India has the fifth largest installed wind power capacity in the world. In the year 2015-16, wind power accounted for 8.5% of India's total installed power capacity, and 2.5% of the country's power output. India targets to install an additional 60 GW of wind power capacity by 2022[105]

The development of wind power in India began in the 1990s by Tamil Nadu Electric Board near Tuticorin, and has significantly increased in the last decade. As of 31 March 2016, the installed capacity of wind power was 26.74 GW, spread across many states of India.[88] The largest wind power generating state is Tamil Nadu accounting for nearly 30% of installed capacity, followed in decreasing order by Maharashtra, Gujarat, Rajasthan and Karnataka.[106]

Biomass power

Biomass is organic matter derived from living, or recently living organisms. As an energy source, biomass can either be used directly via combustion to produce heat, or indirectly after converting it to various forms of biofuel. Conversion of biomass to biofuel can be achieved by different methods which are broadly classified into: thermal, chemical, and biochemical methods.[107] In this system biomass, bagasse, forestry, domestic organic wastes, industrial organic wastes and agro residue & agricultural wastes are used as fuel to produce electricity.[108] Nearly 750 million tons of non edible (by cattle) biomass is available annually in India which can be put to use for higher value addition.[109] Biomass is a renewable energy source as it is generated by extracting the carbon dioxide gas from the atmosphere. Its use for electricity generation is carbon-neutral fuel because it would also release global warming green house gasses like methane and carbon dioxide when it is left to decay / degenerate without using as an energy source. The total biomass traditional use in India is nearly 177 Mtoe in the year 2013.[110]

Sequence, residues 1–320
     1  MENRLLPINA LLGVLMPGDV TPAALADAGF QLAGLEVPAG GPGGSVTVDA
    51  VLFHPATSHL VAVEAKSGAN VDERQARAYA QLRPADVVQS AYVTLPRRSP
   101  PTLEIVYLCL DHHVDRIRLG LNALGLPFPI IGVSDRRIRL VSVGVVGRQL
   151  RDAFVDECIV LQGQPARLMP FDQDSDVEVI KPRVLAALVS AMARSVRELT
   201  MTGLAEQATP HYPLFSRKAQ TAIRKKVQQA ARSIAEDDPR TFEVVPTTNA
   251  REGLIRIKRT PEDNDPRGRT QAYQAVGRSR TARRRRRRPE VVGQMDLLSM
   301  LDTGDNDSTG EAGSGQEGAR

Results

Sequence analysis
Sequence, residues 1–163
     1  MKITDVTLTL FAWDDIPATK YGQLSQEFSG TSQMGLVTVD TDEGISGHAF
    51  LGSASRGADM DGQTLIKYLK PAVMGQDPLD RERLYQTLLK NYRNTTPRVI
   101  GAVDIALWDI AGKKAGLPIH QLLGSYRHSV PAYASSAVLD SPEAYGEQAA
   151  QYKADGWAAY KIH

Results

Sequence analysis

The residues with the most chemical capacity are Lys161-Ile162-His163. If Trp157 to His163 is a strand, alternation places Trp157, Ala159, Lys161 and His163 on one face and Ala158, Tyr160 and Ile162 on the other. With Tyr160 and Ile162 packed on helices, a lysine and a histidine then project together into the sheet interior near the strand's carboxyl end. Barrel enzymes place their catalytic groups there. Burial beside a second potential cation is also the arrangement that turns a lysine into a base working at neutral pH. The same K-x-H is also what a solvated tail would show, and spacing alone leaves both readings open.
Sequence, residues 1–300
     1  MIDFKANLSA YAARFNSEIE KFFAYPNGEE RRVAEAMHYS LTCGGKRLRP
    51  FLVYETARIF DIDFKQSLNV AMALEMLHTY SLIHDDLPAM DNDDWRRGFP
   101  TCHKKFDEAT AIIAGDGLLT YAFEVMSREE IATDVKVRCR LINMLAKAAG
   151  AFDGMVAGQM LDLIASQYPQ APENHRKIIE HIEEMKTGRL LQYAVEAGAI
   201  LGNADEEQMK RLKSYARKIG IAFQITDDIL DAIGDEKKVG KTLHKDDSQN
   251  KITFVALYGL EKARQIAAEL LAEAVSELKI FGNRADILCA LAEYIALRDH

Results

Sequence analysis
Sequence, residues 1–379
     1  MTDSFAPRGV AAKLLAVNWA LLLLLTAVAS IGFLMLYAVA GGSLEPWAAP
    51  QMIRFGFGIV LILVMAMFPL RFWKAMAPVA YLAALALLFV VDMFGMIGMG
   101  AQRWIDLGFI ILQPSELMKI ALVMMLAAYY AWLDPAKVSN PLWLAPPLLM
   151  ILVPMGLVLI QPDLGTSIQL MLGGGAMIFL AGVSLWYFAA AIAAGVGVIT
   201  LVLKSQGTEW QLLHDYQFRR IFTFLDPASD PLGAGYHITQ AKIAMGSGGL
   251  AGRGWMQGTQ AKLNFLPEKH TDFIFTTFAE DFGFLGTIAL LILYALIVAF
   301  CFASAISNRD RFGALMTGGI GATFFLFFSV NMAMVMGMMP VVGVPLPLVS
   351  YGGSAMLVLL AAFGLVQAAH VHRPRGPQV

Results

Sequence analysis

Two thirds of house holds in India use biomass and charcoal for cooking purpose. As traditional use of biomass is being replaced by LPG in rural areas at faster pace, biomass burning in agriculture fields would become major source for causing higher level air pollution. According to the International Energy Agency‌, 819 million Indians, or 63% of the total population, rely on traditional uses of biomass.[111]

Torrefied biomass

Huge quantity of imported coal is being used in pulverised coal-fired power stations. Raw biomass is not suitable for use in the pulverised coal mills as they are difficult to grind into fine powder due to its caking problem. However 100% biomass can be fired after Torrefaction in the pulverised coal mills for replacing imported coal.[112] Torrefied biomass plants can be integrated with existing pulverised coal-fired power stations using the available hot flue gas as heat source. Cofiring dry biomass up to 20% heat input with coal is possible directly in pulverised coal-fired power stations without facing caking problem.[113] North west and southern regions can replace imported coal use with biomass where surplus agriculture/crop residue biomass is burnt in the fields causing pollution problems.

Biomass gasifier

India has been promoting biomass gasifier technologies in its rural areas, to utilise surplus biomass resources such as rice husk, crop stalks, small wood chips, other agro-residues. The goal was to produce electricity for villages with power plants of up to 2 MW capacities. During 2011, India installed 25 rice husk based gasifier systems for distributed power generation in 70 remote villages of Bihar. The largest biomass-based power plant in India is at Sirohi, Rajasthan, having the capacity of 20 MW, i.e., Sambhav Energy Limited. In addition, gasifier systems are being installed at 60 rice mills in India. During the year, biomass gasifier projects of 1.20 MW in Gujarat and 0.5 MW in Tamil Nadu were successfully installed.[90]


This pilot programme aims to install small-scale biogas plants for meeting the cooking energy needs in rural areas of India. During 2011, some 45000 small-scale biogas plants were installed. Cumulatively, India has installed 4.44 million small-scale biogas plants.

In 2011, India started a new initiative with the aim to demonstrate medium size mixed feed biogas-fertiliser pilot plants. This technology aims for generation, purification/enrichment, bottling and piped distribution of biogas. India approved 21 of these projects with aggregate capacity of 37016 cubic metre per day, of which 2 projects have been successfully commissioned by December 2011.[90]